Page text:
1956 (MCMLVI) was a leap year starting on Sunday of the Gregorian calendar. ... Dancers Earl Barton and Lisa Gaye take the stage in Rock Around the Clock as Bill Haley and His Comets play in the background. ... The original members of Bill Haley and His Comets, c. ... The Platters was a successful vocal group of the early rock and roll era. ... This page is a candidate for speedy deletion. ... Now widely considered Chuck Berrys first album [1], Rock, Rock, Rock (Chess LP-1425) was originally marketed as a soundtrack album for the motion picture of the same name, which was not true. ... Charles Edward Anderson Chuck Berry (born October 18, 1926 in St. ... Frankie Lymon (September 30, 1942 – February 27, 1968) was an African-American rock and roll//R&B singer, best known as the boy soprano lead singer of a New York City-based early rock and roll group called The Teenagers. ... Johnny Burnette was a Rockabilly pioneer in Memphis, Tennessee and with his older brother Dorsey Burnette and a friend named Paul Burlison was one of the founder members of The Rock and Roll Trio. ... La Vern Baker (1929-1997) was an American R&B singer, famous for songs like Tweedlee Dee. ... The Flamingos 1957-1961: clockwise from top right: Terry Johnson, Nate Nelson, Zeke Carey, Tommy Hunt, Paul Wilson, Jake Carey. ... The Moonglows were an influental American R&B and doo wop group, featuring such legendary singers as Bobby Lester, Harvey Fuqua, Alexander Graves and Prentiss Barnes, along with guitarist Billy Johnson. ... 1957 (MCMLVII) was a common year starting on Tuesday of the Gregorian calendar. ... Lionel Hampton with George W. Bush Lionel Leo Hampton (April 20, 1908, Louisville, Kentucky – August 31, 2002 New York City), was a jazz bandleader and percussionist. ... Ferlin Husky (born December 3, 1925 in Flat River, Missouri) is an American singer who has become well-known as a country-pop chart-topper under various names, including Terry Preston and Simon Crum. ... Brooke Benton is an African-American singer. ... Clyde McPhatter (November 15, 1932 _ June 13, 1972) was an influential American R&B singer, born in Durham, North Carolina. ... Screamin Jay Hawkins Jalacy Hawkins, best known as Screamin Jay Hawkins (July 18, 1929 – February 12, 2000) was an African-American singer famed for his wildly theatrical performances of songs like I Put a Spell on You and Constipation Blues. // Some sources believe that Hawkins is the long-lost brother... Dont Knock the Rock was a 1956 rock and roll film starring Alan Dale as a rock star who returns to his hometown to rest up for the summer only to find that rock and roll has been banned there by disapproving adults. ... Alan Dale (July 9, 1926-April 20, 2002) was a singer of traditional popular and rocknroll music. ... Little Richard (born Richard Wayne Penniman, December 5, 1932) is an American singer, songwriter, and pianist. ... The Treniers (Cliff and Claude Trenier) played a cross between swing and early rock n roll. ... Year 1959 (MCMLIX) was a common year starting on Thursday of the Gregorian calendar. ... Jimmy Clanton, known as the swamp pop R&B teenage idol[1], and his band recorded a hit song Just A Dream which Clanton had written in 1958 for the Ace Records label. ...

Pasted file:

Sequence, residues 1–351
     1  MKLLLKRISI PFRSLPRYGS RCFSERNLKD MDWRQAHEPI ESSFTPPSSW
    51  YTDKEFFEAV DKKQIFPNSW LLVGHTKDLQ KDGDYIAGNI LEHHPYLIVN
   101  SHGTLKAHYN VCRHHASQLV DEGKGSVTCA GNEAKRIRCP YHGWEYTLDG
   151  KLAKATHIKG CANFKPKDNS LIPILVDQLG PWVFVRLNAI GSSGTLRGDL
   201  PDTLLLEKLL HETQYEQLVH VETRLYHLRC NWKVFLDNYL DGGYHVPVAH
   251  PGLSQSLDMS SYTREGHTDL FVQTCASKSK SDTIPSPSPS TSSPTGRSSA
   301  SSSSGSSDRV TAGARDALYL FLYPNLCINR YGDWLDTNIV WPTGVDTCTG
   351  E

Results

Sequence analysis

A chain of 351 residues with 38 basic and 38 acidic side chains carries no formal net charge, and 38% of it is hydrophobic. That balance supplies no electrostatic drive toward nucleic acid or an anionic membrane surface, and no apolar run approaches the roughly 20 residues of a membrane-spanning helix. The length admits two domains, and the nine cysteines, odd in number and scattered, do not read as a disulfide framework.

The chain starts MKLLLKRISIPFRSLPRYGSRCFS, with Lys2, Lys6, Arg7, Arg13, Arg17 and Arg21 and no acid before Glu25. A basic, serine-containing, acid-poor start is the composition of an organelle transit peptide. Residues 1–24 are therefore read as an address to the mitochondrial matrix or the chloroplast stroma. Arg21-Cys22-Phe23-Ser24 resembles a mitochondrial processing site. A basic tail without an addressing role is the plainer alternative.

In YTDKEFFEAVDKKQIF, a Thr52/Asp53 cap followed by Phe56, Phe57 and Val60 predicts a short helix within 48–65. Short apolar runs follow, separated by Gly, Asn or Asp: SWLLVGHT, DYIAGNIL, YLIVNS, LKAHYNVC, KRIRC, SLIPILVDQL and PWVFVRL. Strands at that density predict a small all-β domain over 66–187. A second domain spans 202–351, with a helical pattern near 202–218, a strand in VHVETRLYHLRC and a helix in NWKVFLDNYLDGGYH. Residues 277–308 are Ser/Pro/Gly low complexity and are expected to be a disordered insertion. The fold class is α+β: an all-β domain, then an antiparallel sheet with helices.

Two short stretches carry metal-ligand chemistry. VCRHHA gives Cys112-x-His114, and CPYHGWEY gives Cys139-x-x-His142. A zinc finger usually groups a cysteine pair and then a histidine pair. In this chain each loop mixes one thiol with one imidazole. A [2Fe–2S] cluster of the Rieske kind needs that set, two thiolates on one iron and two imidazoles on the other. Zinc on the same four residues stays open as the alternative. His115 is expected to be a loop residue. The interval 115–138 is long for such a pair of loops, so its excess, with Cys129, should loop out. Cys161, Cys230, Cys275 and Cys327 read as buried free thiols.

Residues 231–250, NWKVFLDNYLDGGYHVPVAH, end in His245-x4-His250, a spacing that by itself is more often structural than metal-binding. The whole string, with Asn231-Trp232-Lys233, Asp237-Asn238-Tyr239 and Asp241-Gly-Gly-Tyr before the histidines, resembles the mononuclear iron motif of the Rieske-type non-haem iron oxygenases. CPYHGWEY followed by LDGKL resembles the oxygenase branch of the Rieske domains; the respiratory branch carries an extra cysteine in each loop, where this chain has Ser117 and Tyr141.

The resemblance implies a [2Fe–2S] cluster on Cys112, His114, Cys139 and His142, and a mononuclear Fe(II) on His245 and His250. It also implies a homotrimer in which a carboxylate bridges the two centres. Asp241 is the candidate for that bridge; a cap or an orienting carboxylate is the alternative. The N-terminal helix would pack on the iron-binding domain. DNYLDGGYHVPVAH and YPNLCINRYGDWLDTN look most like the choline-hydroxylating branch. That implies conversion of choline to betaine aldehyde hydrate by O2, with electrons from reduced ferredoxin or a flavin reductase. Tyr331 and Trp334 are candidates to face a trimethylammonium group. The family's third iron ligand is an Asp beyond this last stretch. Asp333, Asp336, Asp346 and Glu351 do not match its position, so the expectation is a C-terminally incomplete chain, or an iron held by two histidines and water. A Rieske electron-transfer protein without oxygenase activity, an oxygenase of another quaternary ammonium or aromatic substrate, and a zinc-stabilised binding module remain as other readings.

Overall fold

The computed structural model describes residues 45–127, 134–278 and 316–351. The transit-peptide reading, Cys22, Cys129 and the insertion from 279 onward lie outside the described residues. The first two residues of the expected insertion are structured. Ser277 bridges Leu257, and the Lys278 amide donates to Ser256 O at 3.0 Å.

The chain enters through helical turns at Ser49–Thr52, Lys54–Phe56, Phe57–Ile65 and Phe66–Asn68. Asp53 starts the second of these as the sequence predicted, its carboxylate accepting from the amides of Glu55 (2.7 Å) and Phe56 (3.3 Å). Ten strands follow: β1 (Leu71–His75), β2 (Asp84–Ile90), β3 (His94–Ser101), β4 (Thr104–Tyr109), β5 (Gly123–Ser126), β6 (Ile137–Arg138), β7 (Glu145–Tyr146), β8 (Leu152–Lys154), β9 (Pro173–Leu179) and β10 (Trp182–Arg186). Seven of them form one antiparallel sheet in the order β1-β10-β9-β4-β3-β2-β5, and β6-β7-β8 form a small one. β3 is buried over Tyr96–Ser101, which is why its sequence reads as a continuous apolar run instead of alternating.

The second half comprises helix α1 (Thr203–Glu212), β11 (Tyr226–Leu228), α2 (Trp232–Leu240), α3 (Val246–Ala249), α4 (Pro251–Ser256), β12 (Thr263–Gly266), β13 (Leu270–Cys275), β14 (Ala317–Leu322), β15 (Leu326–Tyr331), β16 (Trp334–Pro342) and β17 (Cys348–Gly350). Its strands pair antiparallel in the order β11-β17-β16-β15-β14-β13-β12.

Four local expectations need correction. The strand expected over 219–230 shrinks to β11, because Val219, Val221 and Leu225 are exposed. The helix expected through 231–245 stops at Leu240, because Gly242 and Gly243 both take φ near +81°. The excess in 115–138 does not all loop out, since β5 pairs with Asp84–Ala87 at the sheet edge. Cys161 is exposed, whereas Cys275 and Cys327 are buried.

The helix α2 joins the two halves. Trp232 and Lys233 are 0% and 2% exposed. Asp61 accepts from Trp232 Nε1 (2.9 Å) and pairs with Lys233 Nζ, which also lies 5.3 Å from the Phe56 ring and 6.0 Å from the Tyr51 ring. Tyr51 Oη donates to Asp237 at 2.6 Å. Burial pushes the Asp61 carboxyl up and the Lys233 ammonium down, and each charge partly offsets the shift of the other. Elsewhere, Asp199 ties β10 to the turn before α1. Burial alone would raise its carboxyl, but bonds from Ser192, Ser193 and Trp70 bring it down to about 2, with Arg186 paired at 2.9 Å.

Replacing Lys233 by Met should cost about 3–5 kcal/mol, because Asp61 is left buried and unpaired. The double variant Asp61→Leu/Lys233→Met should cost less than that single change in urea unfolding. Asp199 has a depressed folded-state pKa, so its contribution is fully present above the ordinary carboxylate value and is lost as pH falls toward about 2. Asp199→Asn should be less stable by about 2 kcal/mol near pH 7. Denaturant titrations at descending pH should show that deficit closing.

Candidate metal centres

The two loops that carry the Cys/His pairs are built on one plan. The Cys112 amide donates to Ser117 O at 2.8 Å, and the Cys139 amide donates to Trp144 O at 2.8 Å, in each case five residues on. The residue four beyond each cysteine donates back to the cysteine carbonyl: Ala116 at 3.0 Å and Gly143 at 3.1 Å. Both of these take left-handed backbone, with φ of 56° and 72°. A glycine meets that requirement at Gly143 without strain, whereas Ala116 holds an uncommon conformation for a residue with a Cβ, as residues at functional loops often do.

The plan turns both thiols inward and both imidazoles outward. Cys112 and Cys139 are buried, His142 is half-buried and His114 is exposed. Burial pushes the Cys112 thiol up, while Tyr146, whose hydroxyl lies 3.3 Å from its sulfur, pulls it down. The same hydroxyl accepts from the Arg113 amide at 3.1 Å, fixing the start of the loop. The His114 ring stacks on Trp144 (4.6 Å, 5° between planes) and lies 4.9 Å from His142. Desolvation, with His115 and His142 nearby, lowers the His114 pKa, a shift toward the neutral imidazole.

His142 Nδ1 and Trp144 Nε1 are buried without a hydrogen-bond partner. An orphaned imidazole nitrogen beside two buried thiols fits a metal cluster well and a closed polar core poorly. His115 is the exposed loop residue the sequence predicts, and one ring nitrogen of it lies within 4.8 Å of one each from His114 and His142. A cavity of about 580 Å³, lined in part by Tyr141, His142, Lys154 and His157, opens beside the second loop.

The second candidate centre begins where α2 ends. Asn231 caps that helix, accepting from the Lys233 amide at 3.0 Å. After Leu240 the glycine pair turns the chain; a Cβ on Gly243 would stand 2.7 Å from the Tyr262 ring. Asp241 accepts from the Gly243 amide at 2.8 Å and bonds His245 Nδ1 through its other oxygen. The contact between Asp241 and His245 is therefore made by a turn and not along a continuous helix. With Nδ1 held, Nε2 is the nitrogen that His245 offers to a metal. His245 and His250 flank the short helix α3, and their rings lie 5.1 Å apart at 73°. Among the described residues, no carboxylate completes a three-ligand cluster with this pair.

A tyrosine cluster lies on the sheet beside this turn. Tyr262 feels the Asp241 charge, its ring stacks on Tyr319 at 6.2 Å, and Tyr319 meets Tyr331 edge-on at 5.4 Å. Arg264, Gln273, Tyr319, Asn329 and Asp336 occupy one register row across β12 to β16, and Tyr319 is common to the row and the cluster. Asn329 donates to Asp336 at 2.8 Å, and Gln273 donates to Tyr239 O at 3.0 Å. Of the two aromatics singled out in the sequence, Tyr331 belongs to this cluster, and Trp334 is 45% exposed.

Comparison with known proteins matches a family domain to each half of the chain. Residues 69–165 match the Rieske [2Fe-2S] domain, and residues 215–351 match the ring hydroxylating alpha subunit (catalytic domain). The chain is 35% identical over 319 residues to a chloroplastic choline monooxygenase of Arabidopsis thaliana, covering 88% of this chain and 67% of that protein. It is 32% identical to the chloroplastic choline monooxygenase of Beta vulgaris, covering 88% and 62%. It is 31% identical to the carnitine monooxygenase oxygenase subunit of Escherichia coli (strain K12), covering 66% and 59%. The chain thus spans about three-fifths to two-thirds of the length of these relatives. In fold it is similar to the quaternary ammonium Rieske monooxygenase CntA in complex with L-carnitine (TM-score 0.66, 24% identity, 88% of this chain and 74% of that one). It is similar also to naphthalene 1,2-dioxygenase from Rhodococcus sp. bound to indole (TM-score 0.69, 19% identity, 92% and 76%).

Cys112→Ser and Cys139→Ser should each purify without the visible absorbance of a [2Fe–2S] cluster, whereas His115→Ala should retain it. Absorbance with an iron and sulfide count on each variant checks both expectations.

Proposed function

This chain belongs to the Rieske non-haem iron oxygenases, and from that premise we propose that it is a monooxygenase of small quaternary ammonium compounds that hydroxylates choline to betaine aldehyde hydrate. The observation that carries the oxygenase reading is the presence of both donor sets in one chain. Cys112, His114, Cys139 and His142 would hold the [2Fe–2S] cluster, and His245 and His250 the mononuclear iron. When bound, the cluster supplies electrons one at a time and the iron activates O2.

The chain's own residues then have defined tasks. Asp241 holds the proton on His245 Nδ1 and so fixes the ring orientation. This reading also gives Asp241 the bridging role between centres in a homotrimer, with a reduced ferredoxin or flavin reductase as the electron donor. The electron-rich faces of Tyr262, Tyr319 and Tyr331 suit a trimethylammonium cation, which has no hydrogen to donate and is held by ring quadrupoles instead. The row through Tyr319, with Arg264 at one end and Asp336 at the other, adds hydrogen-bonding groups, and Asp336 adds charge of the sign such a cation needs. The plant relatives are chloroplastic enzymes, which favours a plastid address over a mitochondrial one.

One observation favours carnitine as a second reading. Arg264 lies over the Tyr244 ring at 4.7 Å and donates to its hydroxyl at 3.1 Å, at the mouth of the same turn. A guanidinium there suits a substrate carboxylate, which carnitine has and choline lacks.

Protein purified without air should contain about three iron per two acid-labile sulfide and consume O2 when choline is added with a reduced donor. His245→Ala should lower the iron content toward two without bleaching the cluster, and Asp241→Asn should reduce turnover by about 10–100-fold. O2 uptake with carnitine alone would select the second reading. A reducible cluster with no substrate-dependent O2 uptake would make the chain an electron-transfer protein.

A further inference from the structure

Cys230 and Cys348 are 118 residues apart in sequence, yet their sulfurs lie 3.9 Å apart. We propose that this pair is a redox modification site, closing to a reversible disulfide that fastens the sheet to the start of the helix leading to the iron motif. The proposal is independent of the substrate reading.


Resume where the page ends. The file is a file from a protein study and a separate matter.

Television

It was at the height of Freed's career at the beginning of his new television series that various individuals decided to use Alan Freed as a scapegoat for all that was wrong with the recorded music industry. His show called The Big Beat (which predated American Bandstand) on ABC was suddenly cancelled after an episode, in which Frankie Lymon of Frankie Lymon and The Teenagers was seen dancing with a white girl, offended the management of ABC's local affiliates in the Southern states. Into the void that had been created by the absence of Freed on TV, the career of Dick Clark began to take off.[citation needed] During this period, Freed was seen on other popular programs of the day, including To Tell The Truth, where he is seen defending the new "Rock and Roll" sound to the panelists whom were all clearly more comfortable with swing music:Polly Bergen, Ralph Bellamy, and Kitty Carlisle [Note: The re-broadcast of this particular episode of TTTT occurred on The Gameshow Network on February 4th or 5th, 2007, and also on April 23, 2007]. The Big Beat is a song from the popular musical, Over Here! which opened on Broadway at the Shubert Theatre (Broadway) on March 6, 1974. ... The American Broadcasting Company ( oftenly known as ABC) operates television and radio networks in the United States and is also shown on basic cable in Canada. ... Frankie Lymon (September 30, 1942 – February 27, 1968) was an African-American rock and roll//R&B singer, best known as the boy soprano lead singer of a New York City-based early rock and roll group called The Teenagers. ... Dick Clark redirects here. ... Nipsey Russell, Peggy Cass, Bill Cullen and Kitty Carlisle from the 1969-78 version. ... Polly Bergen (born Nellie Paulina Burgin on July 14, 1930, in Knoxville, Tennessee) is an American actress, singer, and entrepreneur. ... Ralph Rexford Bellamy (June 17, 1904 – November 29, 1991) was a Tony Award-winning American actor with a career spanning sixty-two years. ... Kitty Carlisle in Die Fledermaus, photographed by Carl Van Vechten, 1933 Kitty Carlisle Hart (b. ...